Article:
Following sexuality across four periods in time

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‘Out of the Garden’ traces themes of sexual freedom through history

By Caroline Ho, Arts Editor


The first of two winter productions by the Departments of Theatre and Stagecraft & Technology opens this Friday with a premise that is sinfully seductive. Out of the Garden, directed by Claire Fogal, is a compilation of selections from five plays by Caryl Churchill and Don Nigro, woven together to create a millennia-spanning story about the history of sexuality.

Out of the Garden is set in four distinct time periods: From Genesis’s story of Eve after being exiled from Eden; to the world of Vinegar Tom, set in 17th-century England, rife with witch trials; to Anima Mundi, which takes place before the turn of the 20th century and features historical figures including Madame Blavatsky, Ezra Pound, and W. B. Yeats; and finally, a modern-day monologue from Frankenstein about one woman’s infatuation with the monster and the myth. The plays are connected by overarching themes of sexuality and the progression of liberation.

“From the most repressed to the most releasing,” said Kate Rytter, who plays Susan, a very proper and drab Englishwoman in the Vinegar Tom world.

Originally, the Department had planned to only do the play Vinegar Tom, but Fogal wished to offset the utter bleakness of the play by incorporating other material, creating a story that is more positive, more diverse for audience and actors, and more pertinent to social issues of today.

Allegra Ferrari plays both Biblical Eve in the Genesis storyline and witch-hating Margery in Vinegar Tom. The latter play, explained Ferrari, presents a perspective that is necessary for its starkness, but not the most suited to 2017. In Vinegar Tom, she said, “All of the female characters are victims, and all of the male characters are just evil.”

“That’s not what feminism is,” said Nina Dosdall, referring to the mindset of hating all men. Out of the Garden aims to deliver a more inclusive message that resonates across space and time, with people of all genders learning to deconstruct toxic beliefs about sex, inequality, and agency.

Dosdall’s character Joan, also from Vinegar Tom, is a 50-year-old woman who begins to stand up for her own sexual freedom in a world that is far more repressive than our own. Joan is persecuted for witchcraft, which Dosdall believes provides a powerful commentary on the continuing struggle for women’s liberation. “We’re still opening up a lot of our issues to the world, and that still has very contentious reception […] So it’s interesting watching women develop through history,” she said.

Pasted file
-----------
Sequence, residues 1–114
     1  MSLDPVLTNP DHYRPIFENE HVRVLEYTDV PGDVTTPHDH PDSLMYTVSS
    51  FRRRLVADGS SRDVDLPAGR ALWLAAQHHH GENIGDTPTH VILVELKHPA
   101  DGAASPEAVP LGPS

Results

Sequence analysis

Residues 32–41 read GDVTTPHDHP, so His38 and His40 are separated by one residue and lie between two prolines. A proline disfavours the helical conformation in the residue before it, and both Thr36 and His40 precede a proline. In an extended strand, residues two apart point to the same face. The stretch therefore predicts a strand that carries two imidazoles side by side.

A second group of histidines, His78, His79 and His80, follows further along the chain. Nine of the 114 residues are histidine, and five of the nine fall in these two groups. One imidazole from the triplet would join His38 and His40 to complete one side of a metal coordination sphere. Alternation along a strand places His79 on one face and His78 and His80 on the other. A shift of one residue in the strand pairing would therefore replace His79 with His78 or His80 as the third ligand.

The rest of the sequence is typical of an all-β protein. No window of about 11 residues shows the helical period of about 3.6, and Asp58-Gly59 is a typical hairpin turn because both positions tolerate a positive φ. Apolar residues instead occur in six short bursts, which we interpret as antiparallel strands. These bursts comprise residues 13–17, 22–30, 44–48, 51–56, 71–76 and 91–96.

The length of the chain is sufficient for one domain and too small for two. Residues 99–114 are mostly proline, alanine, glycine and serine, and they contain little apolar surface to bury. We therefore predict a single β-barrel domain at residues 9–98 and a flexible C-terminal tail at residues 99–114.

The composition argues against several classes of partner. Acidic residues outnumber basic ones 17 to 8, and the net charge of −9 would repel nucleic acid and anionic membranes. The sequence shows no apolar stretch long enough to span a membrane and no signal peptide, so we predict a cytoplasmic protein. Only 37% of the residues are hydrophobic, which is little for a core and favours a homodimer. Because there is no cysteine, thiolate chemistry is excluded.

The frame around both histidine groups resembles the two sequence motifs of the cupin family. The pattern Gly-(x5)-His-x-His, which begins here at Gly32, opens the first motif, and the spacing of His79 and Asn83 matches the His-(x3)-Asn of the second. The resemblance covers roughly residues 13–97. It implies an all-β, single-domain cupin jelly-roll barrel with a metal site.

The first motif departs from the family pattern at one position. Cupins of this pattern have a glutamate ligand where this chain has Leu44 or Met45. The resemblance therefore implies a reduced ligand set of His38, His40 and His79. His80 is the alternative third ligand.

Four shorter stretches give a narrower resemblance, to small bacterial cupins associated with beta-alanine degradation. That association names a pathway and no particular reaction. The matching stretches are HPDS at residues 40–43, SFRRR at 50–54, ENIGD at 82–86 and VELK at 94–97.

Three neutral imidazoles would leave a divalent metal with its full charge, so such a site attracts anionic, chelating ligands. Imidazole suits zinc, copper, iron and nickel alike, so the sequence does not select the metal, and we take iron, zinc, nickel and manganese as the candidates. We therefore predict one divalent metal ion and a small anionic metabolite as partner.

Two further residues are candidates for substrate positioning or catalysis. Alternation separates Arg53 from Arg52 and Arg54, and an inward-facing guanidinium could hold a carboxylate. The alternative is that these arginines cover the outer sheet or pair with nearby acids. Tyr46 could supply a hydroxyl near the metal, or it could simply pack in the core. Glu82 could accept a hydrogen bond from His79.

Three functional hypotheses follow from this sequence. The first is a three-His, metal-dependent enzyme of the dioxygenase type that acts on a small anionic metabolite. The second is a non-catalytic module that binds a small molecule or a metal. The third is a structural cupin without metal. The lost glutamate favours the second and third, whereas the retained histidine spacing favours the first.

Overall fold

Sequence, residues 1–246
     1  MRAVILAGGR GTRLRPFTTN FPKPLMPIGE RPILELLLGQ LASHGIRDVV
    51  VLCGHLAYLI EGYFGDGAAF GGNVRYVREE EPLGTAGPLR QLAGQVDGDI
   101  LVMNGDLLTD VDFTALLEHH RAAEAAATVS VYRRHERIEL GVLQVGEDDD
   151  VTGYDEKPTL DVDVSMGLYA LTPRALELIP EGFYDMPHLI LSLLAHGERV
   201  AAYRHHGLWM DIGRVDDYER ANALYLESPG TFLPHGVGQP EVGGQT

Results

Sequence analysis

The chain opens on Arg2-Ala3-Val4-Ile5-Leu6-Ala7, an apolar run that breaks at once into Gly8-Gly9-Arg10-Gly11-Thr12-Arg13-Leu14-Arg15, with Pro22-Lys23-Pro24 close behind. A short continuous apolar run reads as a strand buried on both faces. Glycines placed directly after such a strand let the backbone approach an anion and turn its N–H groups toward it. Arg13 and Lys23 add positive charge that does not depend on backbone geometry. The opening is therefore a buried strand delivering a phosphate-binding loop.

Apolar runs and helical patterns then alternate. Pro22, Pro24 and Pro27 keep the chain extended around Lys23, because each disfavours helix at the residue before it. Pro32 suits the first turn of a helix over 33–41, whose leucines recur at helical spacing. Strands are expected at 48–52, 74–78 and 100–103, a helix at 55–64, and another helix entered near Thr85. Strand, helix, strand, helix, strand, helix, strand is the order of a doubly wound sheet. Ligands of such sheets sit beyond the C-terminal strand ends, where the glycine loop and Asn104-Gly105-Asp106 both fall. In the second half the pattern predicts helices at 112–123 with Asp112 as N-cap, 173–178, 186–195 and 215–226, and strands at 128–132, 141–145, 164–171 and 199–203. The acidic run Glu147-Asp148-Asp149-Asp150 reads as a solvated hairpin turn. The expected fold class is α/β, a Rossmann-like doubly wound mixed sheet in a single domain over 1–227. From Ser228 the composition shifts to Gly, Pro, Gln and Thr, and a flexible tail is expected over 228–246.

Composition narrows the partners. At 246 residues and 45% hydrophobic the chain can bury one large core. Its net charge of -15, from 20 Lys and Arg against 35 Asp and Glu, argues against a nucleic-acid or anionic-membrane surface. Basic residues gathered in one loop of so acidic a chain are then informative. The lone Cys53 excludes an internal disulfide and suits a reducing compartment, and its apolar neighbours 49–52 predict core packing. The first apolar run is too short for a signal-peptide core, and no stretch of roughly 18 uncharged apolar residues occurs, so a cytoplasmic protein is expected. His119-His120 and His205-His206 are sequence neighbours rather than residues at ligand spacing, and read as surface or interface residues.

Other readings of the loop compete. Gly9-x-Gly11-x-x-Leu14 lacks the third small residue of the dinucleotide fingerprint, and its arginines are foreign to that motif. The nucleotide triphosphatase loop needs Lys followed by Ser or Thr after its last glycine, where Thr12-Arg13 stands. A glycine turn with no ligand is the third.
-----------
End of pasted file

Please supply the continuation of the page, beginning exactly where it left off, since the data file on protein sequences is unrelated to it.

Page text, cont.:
This historical development starts with Eve, at the very onset of human discovery and sin. Eve is basically completely ignorant, with no knowledge of anything in the world and nobody to learn from, and Ferrari has had a lot of freedom in bringing this blank-slate character to life. “She’s definitely the most challenging character I’ve worked on, but the most liberating,” said Ferrari.

The world of 17th-century England is in some ways more familiar, but it poses its own difficulties. The actors have to immerse themselves into a mindset governed by very different principles, where fears of witchcraft are all too real. In this world, explained Dosdall, “You operate your life on superstition. That’s your belief structure, that’s your science, so it’s really hard to cut off your sense of logic.”

Luckily for audience members, they have the talent of the Theatre Department to draw them right into the small-town mob mentality that led to the witch trials.

The actors believe that the audience will also have no trouble following along with the four very different time periods. Assembled by Fogal, the scenes and themes that run throughout the play are deftly intertwined. “Especially when you see it laid out, it just all clicks together,” said Rytter. This production is the first ever premiere of this compilation play.

Out of the Garden runs from March 10–17 in the Douglas College Studio Theatre, with a free preview on Thursday, March 9 at 2 p.m. Tickets and show times are available at